In 2011, the Suicide Care in Systems Framework traced its inspiration to four model programs, and itself sparked a revolution for health and behavioral health.
The Atlanta Declaration – In September, a group of 45 service users, healthcare providers and government policy makers gathered in Georgia. The International Initiative for Mental Health Leadership match created an international consensus document and plan for expanding the social movement.
Suicide Clinical Pathway – In June, US News & World Report described the systematic transformation of the largest non-profit Community Mental Health Center in the country, Centerstone America, and its ambitious Zero Suicide protocols which reduced its suicide death rate 65% in less than two years.
UK Country-wide Initiative – In January, UK Deputy PM Nick Clegg promised a “Zero Suicide” campaign of charities, voluntary organizations, and the NHS in “every part of England.” He referenced pilots in Merseyside, the east of England, and the southwest that have employed the Henry Ford model.
Washington DC Academy – The Substance Abuse and Mental Health Service Administration (SAMHSA) funds the first cohort of 16 organizations and 48 leaders to develop implementation plans. Faculty include champions from IFH, Centerstone America and Group Health. The SPRC organizes and hosts the event.
1st International Zero Suicide Summit – Leaders from New Zealand, the UK, the US and the Netherlands met at IIMHL in Oxford, UK. Dutch psychiatrist Jan Mokkenstorm: “We are at the beginning of this journey and start out from the core value that not one of our patients should die alone and in despair.”
Revised US National Strategy – In 2012, the US Surgeon General and the National Action Alliance published a revised national strategy with new goals 8 and 9, calling for suicide prevention to become a “core component” of health care, and for improved professional and clinical practices, respectively.
National Council Magazine – “Suicide Prevention is Everybody’s Business: Not Another Life to Lose” special edition included the Surgeon General’s revised US National Strategy, and articles by more than 50 leaders bridging the suicide prevention and community mental health fields.
Lancet While et al Research – England & Wales mental health services implemented recommendations to improve care from 1997 – 2006. These were associated with lower suicide rates, and 24 hour crisis care was associated with the biggest reduction.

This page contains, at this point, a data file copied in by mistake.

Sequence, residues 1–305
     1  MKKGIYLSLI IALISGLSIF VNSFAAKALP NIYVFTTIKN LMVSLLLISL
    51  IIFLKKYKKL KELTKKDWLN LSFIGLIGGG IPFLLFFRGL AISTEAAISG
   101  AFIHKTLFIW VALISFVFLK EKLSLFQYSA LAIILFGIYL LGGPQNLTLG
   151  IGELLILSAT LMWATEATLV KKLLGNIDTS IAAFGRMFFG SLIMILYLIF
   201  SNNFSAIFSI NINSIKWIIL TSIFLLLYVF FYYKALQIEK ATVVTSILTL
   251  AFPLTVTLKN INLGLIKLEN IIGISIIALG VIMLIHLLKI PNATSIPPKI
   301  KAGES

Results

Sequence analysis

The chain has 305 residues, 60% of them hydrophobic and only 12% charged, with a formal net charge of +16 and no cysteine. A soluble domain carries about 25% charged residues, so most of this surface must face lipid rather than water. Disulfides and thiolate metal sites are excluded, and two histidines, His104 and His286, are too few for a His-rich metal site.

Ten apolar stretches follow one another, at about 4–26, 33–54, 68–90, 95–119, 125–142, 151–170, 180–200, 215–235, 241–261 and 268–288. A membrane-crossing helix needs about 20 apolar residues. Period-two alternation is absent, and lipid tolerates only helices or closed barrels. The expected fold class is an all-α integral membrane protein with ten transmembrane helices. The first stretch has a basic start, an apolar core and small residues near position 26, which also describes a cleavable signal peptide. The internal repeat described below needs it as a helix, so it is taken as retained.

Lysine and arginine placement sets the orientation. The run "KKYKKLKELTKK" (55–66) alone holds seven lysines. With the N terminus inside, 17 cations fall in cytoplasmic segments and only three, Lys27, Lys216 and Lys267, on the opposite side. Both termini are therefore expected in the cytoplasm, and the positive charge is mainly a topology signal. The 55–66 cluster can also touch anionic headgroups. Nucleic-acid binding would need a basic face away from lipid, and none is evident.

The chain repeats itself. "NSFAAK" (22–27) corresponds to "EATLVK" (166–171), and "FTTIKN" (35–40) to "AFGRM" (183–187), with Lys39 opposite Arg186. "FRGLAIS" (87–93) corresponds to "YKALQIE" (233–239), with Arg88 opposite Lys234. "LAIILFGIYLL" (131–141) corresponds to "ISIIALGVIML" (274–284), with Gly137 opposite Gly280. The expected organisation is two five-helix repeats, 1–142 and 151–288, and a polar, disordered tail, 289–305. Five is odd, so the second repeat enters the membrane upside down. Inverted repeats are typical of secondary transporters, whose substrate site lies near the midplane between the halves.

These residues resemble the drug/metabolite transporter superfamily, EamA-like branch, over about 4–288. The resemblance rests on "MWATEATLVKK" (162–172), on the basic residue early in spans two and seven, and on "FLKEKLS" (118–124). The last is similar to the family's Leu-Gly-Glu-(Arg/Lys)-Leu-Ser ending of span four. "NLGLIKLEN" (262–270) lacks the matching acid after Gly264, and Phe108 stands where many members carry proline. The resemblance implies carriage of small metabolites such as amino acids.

Suicide Care in Systems Framework – In 2011, a task force of the National Action Alliance set out to identify the best practice toolkit of interventions for clinical care staff. The group was captivated by the cultural and system changes of the pioneers below, and designed and published a framework for replication.
Programmatic Suicide Deterrent – Arizona DHS and Magellan Health challenged the provider network to eliminate health plan suicides. In 2011, Behavioral Healthcare cited a 38% reduction in deaths, decreased hospitalizations and dramatic increases in staff confidence.
National Suicide Prevention Lifeline – Prior to 2000, there was little research on crisis call center effectiveness, and credibility was low. Since 2005, Link2Health has dramatically increased calls and capacity, started a Veteran’s hotline, added chat technology, and introduced best practice standards now utilized worldwide.
Henry Ford Health System – After becoming a finalist for a Robert Wood Johnson Foundation grant, Don Berwick challenged the HFHS team to pursue perfection. A nurse staff member suggested that would mean zero suicide deaths. Within four years, their death rate had decreased by 75 percent.
DSM IV-TR Revision – Prominent suicidologists, argued successfully, albeit erroneously, that suicide is not a healthcare issue. They kept suicide out of the mental health Bible, the DSM, stating, “suicide is, by definition, not a disease, but a death that is caused by a self-inflicted intentional action or behavior.”
US Air Force – “[At the start] there was a lot of debate about whether or not it was even possible to reduce suicide through this type of an effort,” according to David Litts. “A lot of people, including mental health practitioners, were skeptical. But over a six-year period, the suicide rate dropped by one-third.”